Job Applicability of Skills from the Master of Public Administration (MPA) Program

First and foremost you should understand one thing; an MPA is for the nonprofit sector, not private. If you are interested in the private field go for an MBA. The MPA Program at Anna Maria College has helped me to see firsthand the need for policies and laws that will change so our environment, households, jobs, resources, economy and the community as a whole are not treated negatively.

Consider this:

  • The Master of Public Administration (MPA) helps you capitalize on this demand by preparing you for a long-term career in nonprofits, non-governmental organizations (NGOs), or government agencies.
  • Nonprofit employment growth is up but succession plans are lacking, meaning there are fewer leaders than needed to maintain organizations that are losing baby boomers or previous leaders that knew “the way things were done.”
  • Management positions require a strong foundation in Human Resources, budget, leadership, communications, and knowing how to swivel quickly when necessary.
  • It is based on Public policy as the key. If you want to change things here is a position to do it in.

An MPA is a Safety Net providing you a Skill Set:

Think about an MPA as a way to have a safety net before doing the real thing, because that is how Anna Maria’s MPA Program is set up. As a student, I balance managerial and finance knowledge with coursework that targets public policy issues. Yes, I could learn this in the field, but at what cost?

Personally, I have completed the first half of my MPA coursework and constantly opened doors to interact with the Director of Public Works, the Assistant Directors, and several other sections of our local government.

Emphasis on transferable skills:

  • How to construct a budget,
  • How to conduct statistical analyses that are actually useful,
  • How to understand program evaluations and policy analyses,
  • How to manage and lead organizations,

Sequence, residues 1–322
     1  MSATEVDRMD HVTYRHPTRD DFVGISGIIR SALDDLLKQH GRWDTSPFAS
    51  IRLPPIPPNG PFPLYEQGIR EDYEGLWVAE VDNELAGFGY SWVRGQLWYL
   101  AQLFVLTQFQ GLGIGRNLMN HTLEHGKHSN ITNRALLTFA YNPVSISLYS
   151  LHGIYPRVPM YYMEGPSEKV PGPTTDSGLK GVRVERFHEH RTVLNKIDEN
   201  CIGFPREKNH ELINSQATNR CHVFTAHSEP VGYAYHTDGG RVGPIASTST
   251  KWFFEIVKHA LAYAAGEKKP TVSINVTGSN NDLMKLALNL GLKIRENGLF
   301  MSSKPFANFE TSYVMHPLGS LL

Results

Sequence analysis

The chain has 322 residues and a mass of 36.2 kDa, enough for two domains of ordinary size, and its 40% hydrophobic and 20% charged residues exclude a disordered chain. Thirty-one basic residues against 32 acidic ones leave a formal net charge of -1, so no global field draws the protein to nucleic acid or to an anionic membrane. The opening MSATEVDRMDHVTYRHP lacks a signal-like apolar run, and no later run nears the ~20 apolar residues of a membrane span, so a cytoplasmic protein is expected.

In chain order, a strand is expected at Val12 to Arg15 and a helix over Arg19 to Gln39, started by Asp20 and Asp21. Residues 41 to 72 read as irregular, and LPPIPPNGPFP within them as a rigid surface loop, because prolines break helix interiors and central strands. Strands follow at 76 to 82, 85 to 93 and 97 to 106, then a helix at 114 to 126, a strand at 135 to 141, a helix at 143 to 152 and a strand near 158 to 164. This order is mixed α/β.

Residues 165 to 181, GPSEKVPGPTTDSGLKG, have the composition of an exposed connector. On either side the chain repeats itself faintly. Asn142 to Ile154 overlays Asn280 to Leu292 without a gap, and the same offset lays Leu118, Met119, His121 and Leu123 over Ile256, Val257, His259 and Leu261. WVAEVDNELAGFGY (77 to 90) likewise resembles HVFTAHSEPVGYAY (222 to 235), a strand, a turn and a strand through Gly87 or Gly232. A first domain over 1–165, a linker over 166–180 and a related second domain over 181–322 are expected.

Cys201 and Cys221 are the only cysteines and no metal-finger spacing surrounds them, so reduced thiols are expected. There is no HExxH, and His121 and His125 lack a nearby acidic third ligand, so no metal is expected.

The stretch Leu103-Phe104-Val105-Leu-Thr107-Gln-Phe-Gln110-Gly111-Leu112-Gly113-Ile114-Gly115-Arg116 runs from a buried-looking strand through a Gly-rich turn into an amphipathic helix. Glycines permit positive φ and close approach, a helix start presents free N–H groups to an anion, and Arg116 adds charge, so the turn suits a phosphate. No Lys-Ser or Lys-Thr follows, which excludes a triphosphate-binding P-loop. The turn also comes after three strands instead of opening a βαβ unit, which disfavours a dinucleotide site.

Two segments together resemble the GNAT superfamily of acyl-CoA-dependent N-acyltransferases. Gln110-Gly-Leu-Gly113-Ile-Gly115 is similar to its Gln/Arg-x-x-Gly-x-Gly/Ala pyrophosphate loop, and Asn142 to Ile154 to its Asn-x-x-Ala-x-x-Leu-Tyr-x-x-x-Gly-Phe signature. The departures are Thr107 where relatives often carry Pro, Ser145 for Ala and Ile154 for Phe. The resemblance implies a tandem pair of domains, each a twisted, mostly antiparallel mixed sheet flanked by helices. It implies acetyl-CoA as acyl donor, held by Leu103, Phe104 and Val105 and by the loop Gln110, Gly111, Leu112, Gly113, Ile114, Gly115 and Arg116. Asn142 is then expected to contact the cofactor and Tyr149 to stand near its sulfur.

• How to become a better leader,
  • How to create a sustainable strategic plan for the community,
  • How to be diplomatic in almost every situation, and
  • How to negotiate rather than argue a point.

I work for a City government in North Carolina. Over the past few years the community has grown and with it, the expenses to maintain it. As part of the MPA program, I was able to develop an understanding of the strategic plan and what it takes to maintain it. The budget is balanced to maintain a level of operations for the strategic plan that will support the community. It is apparent the economy of the City is growing at an explosive rate, being able to conduct statistical analyses is actually useful in determining the amount of money that will be needed to fund this growth and the project undertaken by the City. The MPA program has allowed me to work with the Director of Public works to create the new Standard Operating Procedures for the City (SOP) and to adapt our training program to improve the training for our employees on a mass scale across public works.

On top of the strategic plan and the budget there are always policies. Policies control everything and they create, manage, and lead the organization in a progressive direction. With this, the ability to lead is imperative, you must be diplomatic rather than argumentative, and be able to understand and negotiate for the needs of the organization and the community. You are essentially leading the path or as the classes have done, creating the opportunity to assist in leading the path towards improvements for the community and the organization that you work for. The advice I can give here is, the more you know the more you can do and the more your organization will ask of you.

About the Author

Maie Armstrong is a Civil Engineer and Public Works Employee from North Carolina. Maie has worked in engineering for over 10 years and she is very keen on designing, developing, consulting, reviewing, and speaking about high quality public service and environmental guidelines while familiarizing herself with the financial and managerial issues involved in Public Administration. Her experience spans across several states and two countries.